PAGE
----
Secret Superstars: Week 17
In the final regular-season edition of Secret Superstars, Gordon McGuinness writes about a pair of Jacksonville defenders who Jaguar fans can be excited about going forward.
Secret Superstars: Week 17
With the regular season now over, we get to look forward to the excitement of the playoffs and the build up to the Super Bowl. Will it be a team like Denver or Seattle who wins it all after spending most of the year at the top of our Power Rankings? Or will a team that have stumbled into the playoffs go on a run similar to Baltimore a year ago?
Time will tell, but before we get too caught up in all that excitement, let’s take one final look at the Secret Superstars around the league. These are the players who don’t receive a lot of hype for their play, but who produce beyond what their raw stats suggest when we dig deeper into their performances.
In this week’s regular season finale, we’re highlighting a linebacker and defensive tackle in Jacksonville, a defensive tackle in New England, and a cornerback in Minnesota.
LaRoy Reynolds, LB, Jacksonville Jaguars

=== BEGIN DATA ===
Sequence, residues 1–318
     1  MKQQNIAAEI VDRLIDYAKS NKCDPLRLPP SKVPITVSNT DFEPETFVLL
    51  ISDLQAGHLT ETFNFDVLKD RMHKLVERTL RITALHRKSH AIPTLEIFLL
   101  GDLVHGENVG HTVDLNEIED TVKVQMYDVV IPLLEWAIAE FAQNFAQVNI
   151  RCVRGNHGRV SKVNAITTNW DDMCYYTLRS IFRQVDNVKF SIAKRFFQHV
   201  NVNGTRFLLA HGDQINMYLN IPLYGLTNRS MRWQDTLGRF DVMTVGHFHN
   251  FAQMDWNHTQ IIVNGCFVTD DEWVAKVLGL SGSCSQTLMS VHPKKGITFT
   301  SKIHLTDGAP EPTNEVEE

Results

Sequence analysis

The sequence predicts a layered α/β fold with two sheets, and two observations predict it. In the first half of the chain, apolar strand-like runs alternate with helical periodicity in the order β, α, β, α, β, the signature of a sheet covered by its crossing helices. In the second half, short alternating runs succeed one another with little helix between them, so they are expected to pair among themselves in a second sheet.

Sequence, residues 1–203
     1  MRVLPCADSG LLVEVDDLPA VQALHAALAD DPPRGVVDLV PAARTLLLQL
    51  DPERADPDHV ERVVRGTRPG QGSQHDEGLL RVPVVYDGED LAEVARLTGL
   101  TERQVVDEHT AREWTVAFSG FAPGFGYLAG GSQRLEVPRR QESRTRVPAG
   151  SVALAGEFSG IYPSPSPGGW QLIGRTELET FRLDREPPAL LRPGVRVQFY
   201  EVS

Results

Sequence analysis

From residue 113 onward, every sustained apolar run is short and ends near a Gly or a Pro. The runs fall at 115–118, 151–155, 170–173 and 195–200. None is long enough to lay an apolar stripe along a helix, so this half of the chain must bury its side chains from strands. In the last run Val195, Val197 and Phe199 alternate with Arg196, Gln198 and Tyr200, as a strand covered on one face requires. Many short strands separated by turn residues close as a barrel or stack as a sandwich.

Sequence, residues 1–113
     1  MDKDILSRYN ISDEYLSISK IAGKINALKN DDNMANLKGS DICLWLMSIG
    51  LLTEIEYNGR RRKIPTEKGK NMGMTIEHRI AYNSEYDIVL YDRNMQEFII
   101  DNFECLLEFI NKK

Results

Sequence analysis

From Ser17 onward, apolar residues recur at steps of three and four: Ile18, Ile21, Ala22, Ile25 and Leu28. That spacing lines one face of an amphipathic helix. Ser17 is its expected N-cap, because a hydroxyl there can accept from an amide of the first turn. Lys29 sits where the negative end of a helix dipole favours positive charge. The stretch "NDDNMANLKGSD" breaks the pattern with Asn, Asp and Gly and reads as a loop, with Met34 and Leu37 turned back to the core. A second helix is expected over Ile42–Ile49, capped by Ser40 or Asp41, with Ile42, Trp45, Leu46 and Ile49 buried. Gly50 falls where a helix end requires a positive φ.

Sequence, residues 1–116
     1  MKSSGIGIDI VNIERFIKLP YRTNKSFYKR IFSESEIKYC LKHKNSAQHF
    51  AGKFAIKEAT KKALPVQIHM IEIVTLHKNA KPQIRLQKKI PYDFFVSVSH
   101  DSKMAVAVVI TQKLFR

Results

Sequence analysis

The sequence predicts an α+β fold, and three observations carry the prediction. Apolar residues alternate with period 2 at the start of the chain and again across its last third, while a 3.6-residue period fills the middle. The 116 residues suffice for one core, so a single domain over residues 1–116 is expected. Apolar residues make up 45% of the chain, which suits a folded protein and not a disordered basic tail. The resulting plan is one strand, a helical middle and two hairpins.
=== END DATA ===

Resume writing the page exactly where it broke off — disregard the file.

An undrafted free agent out of Virginia this past April, LaRoy Reynolds (+2.5) first got the attention of the game’s commentators after chasing down a kick returner like a maniac after losing his helmet. While that offered some light amusement early in the game, he also performed well as part of the Jaguars defense in just his second appearance as a defensive player this year.
His best play on Sunday came on 2nd-and-goal with 1:44 left in the first quarter, and was very nearly an even bigger play but for some bad luck. Breaking on an errant Andrew Luck pass intended for T.Y. Hilton, Reynolds was in perfect position to record the first interception of his NFL career. The only problem, however, was that linebacker Paul Posluszny had the same idea, and the two collided leaving the ball to fall incomplete. He played just 10 snaps against the run in the loss, but still managed to record two tackles, both of which resulted in a defensive stop. The sample size on Reynolds is obviously particularly small, but his play in limited duty these past two weeks make him more intriguing as the Jaguars continue to build heading towards the 2014 season.
Drake Nevis, DT, Jacksonville Jaguars
Small samples sizes can both help and hinder players sometimes, with less snaps to make mistakes meaning that a players’ grade can be elevated more by a couple of big plays. Still, you can only work with the number of snaps you’re given and, playing just 17 snaps on defense on Sunday, Jaguars’ defensive tackle Drake Nevis (+3.1) certainly made the most of his. Nevis spent most of 2013 as a member of the Dallas Cowboys but, after arriving in Jacksonville for the season finale, he turned in his highest-graded performance of the year.